The Women’s World Cup

July 19, 2011

An open letter to the US Women’s National Soccer Team (that probably only my mom will read),

You didn’t win the World Cup.  It bites.  Not meeting a goal always does, it’s why we set them.  Pundits, philosophers, teachers all say you learn more in losses than in victories. Meh.  I’m not convinced. Sure, as an athlete it gives you game tape to break down, improve your skills (a rarity for a career, I can’t look back at mistakes on my day job with a tangible copy to see how to improve. Luckily, I don’t do anything important!).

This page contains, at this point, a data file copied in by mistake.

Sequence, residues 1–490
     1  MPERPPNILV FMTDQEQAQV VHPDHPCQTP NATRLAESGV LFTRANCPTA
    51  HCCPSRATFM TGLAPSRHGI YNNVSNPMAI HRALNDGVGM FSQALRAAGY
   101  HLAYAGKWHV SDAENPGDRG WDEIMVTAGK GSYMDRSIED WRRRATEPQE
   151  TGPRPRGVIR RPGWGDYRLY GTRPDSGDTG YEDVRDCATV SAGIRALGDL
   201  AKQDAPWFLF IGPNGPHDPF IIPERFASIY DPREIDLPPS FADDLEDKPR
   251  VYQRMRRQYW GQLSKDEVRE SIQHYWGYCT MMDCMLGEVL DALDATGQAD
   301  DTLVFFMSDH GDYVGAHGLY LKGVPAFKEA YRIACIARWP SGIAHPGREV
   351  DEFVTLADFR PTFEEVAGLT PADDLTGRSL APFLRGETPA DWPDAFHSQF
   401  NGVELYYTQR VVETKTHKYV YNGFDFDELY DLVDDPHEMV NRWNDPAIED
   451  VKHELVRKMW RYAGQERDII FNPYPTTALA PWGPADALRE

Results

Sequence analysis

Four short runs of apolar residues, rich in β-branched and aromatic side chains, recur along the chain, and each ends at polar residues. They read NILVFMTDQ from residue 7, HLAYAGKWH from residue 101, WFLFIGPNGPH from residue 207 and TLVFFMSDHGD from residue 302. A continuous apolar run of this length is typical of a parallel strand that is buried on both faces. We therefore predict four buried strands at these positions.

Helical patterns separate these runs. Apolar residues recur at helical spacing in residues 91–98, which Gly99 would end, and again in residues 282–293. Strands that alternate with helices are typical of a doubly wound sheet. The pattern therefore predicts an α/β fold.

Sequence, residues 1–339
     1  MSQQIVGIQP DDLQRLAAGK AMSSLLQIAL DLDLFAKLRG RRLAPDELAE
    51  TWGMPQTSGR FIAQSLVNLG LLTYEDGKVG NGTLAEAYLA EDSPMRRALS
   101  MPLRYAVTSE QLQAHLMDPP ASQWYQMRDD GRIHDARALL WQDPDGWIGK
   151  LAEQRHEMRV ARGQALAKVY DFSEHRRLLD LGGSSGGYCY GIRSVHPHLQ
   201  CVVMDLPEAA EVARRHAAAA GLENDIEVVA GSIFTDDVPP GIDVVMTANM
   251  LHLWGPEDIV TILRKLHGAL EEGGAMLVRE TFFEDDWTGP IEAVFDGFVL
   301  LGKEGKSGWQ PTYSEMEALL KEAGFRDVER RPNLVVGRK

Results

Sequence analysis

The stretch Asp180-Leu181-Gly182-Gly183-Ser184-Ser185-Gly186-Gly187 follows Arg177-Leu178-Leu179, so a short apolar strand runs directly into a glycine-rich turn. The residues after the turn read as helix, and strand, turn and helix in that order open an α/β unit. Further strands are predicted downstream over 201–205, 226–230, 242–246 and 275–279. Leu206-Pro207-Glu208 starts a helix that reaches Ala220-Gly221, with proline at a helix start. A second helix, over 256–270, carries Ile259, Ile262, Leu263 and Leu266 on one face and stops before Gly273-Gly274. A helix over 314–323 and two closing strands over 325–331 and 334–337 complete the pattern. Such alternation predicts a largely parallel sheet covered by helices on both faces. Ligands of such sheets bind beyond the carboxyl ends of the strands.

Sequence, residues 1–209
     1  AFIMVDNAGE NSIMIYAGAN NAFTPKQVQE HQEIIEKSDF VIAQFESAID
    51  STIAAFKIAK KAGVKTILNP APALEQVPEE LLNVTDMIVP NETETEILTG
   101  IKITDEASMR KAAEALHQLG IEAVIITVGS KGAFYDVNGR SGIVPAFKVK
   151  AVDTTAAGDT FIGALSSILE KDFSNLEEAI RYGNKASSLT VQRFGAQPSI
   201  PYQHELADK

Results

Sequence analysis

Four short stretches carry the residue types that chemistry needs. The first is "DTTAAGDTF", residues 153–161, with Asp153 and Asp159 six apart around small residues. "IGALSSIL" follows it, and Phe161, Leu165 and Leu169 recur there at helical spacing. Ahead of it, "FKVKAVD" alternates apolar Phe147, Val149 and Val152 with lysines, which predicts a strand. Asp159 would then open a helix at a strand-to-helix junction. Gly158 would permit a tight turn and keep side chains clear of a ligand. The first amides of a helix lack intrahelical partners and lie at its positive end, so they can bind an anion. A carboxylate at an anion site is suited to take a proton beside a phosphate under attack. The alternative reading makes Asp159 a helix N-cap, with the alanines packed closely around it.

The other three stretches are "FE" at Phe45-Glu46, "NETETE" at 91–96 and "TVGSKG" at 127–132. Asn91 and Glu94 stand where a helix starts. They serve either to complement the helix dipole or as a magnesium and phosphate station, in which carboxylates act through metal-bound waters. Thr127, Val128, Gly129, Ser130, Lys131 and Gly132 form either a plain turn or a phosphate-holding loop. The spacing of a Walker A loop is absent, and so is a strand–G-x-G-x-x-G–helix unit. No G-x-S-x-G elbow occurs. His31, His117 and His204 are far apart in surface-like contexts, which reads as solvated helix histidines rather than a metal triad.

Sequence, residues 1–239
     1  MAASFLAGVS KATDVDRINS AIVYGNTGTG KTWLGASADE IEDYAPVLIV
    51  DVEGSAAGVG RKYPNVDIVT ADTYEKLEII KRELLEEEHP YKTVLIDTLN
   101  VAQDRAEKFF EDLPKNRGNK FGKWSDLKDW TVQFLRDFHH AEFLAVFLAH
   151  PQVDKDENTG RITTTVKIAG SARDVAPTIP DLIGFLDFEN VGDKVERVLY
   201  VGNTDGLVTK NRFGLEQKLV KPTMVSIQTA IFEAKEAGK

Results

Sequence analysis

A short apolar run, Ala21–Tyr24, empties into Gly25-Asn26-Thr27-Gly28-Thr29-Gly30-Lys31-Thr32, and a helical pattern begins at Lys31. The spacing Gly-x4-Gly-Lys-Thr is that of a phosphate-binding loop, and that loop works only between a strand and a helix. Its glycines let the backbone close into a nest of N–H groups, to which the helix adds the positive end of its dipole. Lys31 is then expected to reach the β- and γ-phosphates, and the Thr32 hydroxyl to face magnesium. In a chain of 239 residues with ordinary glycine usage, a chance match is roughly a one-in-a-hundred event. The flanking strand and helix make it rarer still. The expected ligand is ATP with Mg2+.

I heard a few of you say you want make your own chapter, loose some of the shadow of ’99.  Maybe it’s a good thing; maybe it’s something that as a non-athlete I don’t get.  What I do know, is that most of you were probably in the crowds cheering on that magical ’99 team.  There were a few lightening bolts for those women: at home, coming off the ’96 and ’98 Olympic games where the women’s teams dominated (soccer, basketball, softball and hockey).  The ‘99ers were the Title IX daughters.  The ones who had to fight to get on boy only teams as playing fields slowly opened to girls.  I know, they are my age and when I heard them speak about being the ‘only’ girl, or shortening the name of Patricia to Pat, I nodded.  My sister and I were the first two girls in our town’s t-ball team.  We were very bad players (ok, let’s face it, t-ball isn’t really a sport…it’s about learning teamwork!).  The boys didn’t want us on their team, we were clueless (my sister asked why they didn’t sell peanuts at t-ball games) and well, maybe managed a hit every other game and played the minimum.